ALA 2008: Institutional Repositories: New Roles for Acquisitions – Acquiring Content Adding ETDs to your Digital Repository

This session by Terry Owen ‘DRUM Coordinator’ from the University of Maryland libraries.

Going to show workflows they developed for adding electronic theses to their repository (called DRUM).

Another DSpace implementation – launched in 2004 (with 1100 docs – all theses), 7900+ documents as of June 2008.

They have 20 DSpace ‘Communities’ (I need to look at difference between ‘community’ and ‘collection’ on DSpace)

Sorry – drifted off there…

Generally the Grad Schools who initiate the ETD – the stakeholders for ETD are:

  • Students
  • Faculty Advisors
  • Graduate School
  • Library
  • IT Dept

The s/w options for ETD submission (i.e. the bit the student interacts with):

  • Proquest/BEPRESS
  • ETD-db (Virginia Tech and NDLTD – Networked Digital Library of Theses and Dissertations – recommended for advice)

Running through some benefits of ETD:

  • Can be found, read, used by global audience
  • Increases chances of citation
  • Lower costs (printing and copying)
  • Less hassle for students
  • Educates students on electronic publishing
  • Showcases an institution’s research

Some workflow stuff – need the slides really though. Noting that when students enter data they make lots of mistakes – to titles, even to their own names.

However, only the library catalogue record is checked – then the cataloguers pass the information to DRUM, who make corrections ‘as time allows’ – this is absolute madness!

They provide links from the library catalogue to the DRUM record – either via URL recorded in MARC record, or via OpenURL link resolver (which leads to the question in my mind – why bother having any metadata in DRUM at all – just have it in the library catalogue!)

Some ETD concerns:

  • Will journal publishers still accept my article if it is available electronically
  • What if I want to submit a patent based on my research?
  • What if I want to write a book related to my thesis
  • etc.

So, decided to provide Embargo options:

  • Restrict access for 1 year
  • Restrict for 6 years
  • Restrict indefinitely
    • Requires written approval by the Dean of the Graduate School

However, the print copy is not embargoed – and will be supplied on Inter-library Loan! So just making work for ourselves here!

Why embargo?

  • 1 year – for patent protection on materials, to publish in a journal with restrictive publication policies
  • 6 years – to write a book

DSpace embargo options very limited. Could have created an ‘Open’ and ‘Closed’ collection – but since this doubles the number of collections.

Can control access to items (I think this is exactly what we need for our MSc theses – need to investigate, since I was told it couldn’t be done) – however, it doesn’t work very well from a user experience perspective – asks you to login, then tells you that you can’t access it.

Instead they decided to create a ‘Restricted Access’ option, which explains to the end user. They have automated the process – the grad school pass the embargo information across with the metadata (I think this is right) and automatically applied.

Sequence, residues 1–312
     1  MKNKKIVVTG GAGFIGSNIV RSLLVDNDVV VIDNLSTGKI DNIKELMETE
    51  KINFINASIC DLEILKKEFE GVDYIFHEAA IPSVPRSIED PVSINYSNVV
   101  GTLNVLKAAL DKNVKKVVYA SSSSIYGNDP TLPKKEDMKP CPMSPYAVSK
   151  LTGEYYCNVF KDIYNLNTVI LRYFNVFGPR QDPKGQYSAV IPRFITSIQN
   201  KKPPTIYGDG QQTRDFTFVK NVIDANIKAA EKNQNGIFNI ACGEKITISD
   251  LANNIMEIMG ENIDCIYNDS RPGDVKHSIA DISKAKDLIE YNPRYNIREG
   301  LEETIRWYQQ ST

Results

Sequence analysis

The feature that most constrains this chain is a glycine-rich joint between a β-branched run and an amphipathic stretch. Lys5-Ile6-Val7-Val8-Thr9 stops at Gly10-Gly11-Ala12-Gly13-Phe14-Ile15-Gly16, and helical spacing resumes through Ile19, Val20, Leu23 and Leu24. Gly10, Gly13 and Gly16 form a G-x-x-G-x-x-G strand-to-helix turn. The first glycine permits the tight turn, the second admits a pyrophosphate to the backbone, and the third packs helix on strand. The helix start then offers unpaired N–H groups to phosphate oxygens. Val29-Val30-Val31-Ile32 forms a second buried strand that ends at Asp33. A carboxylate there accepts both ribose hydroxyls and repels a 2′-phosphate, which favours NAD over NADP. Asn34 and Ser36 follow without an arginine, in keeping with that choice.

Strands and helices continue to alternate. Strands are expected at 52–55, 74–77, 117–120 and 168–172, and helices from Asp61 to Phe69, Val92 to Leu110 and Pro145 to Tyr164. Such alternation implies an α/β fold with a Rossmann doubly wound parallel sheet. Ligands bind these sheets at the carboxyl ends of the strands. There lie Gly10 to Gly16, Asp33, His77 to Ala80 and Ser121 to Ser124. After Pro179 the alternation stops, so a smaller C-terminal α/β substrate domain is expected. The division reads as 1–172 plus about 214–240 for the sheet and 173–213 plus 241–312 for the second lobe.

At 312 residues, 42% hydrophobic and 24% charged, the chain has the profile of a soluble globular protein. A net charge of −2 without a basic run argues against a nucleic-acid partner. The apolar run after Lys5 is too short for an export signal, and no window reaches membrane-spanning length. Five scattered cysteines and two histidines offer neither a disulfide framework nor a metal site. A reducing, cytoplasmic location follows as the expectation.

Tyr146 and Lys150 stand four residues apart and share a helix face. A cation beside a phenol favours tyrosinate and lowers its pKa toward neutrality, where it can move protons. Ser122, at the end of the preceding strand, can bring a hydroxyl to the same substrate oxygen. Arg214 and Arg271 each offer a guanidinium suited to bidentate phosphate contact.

There is a form that the students use – all students fill it out, offers options of ‘immediate access’, ‘1 year embargo’, ‘6 year embargo’, or ‘indefinite embargo’ – has to be signed by faculty advisor, and comes with handout about the embargo, and why you would embargo etc.

So far 474 requests for embargos (since 2006) – represents 31% of submission (note that the first 1 year embargos have now passed, so less that 474 embargoed theses in the system).

Most commonly embargoed (by percentage) are Chemistry and Life Sciences, and Business. More 6 year embargoes from Arts and Humanities – because of book writing.

They see the rate of embargo as high – are planning to do more education about this.

The Grad School committee did not want electronic copies ‘floating around’ – so library is doing all kinds of jumping through hoops to print out and mail theses that are requested on ILL. Looking at possibility of having a non-printable PDF. Also hoping to allow on-campus access to embargoed ETDs.

I think I would have lost patience at this point – lucky I don’t do advocacy 😉

They have some special cases – Copyrighted works -have a ‘redacted’ version in DRUM, and a note is added – a full version is kept in the library (either in print or on CD/DVD etc.) – again what nonsense.

Sorry – it isn’t the DRUM managers fault, I just can’t quite believe the contortions here (although note that the number of theses falling into this last category is small).

In summary:

  • ETDs require regular attention
  • Build a good relationship with the Grad School
  • Important to educate faculty advisors and students about open access issues
  • Be prepared to implement embargoes
  • Link ETDs to library catalog
  • Have plans in place for special cases (copyrighted works)
  • Efficient and capable IT department
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2 thoughts on “ALA 2008: Institutional Repositories: New Roles for Acquisitions – Acquiring Content Adding ETDs to your Digital Repository

  1. Theoretically, a DSpace “community” is a collection of people (e.g. a school, department, or research unit), whereas a “collection” is a collection of stuff (papers, images, whatever).
    In practice, though, the distinction only serves to confuse.

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